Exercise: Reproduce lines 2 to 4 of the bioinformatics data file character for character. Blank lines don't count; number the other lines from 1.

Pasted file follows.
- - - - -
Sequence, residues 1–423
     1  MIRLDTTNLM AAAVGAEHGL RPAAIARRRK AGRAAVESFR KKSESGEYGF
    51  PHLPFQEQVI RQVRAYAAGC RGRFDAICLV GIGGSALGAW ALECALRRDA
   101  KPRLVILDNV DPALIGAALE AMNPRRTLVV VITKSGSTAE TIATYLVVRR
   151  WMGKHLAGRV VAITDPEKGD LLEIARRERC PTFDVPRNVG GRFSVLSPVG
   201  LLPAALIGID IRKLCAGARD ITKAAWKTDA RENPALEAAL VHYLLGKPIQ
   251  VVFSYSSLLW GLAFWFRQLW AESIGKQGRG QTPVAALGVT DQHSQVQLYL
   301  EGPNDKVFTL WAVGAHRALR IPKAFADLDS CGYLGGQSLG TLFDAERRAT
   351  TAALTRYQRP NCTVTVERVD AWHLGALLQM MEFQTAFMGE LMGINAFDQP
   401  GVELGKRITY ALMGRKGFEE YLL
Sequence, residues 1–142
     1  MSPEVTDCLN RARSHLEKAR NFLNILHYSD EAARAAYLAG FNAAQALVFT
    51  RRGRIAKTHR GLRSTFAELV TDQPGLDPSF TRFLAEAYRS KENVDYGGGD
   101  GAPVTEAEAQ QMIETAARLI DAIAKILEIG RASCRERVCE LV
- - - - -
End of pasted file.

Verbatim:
     1  MIRLDTTNLM AAAVGAEHGL RPAAIARRRK AGRAAVESFR KKSESGEYGF
    51  PHLPFQEQVI RQVRAYAAGC RGRFDAICLV GIGGSALGAW ALECALRRDA
   101  KPRLVILDNV DPALIGAALE AMNPRRTLVV VITKSGSTAE TIATYLVVRR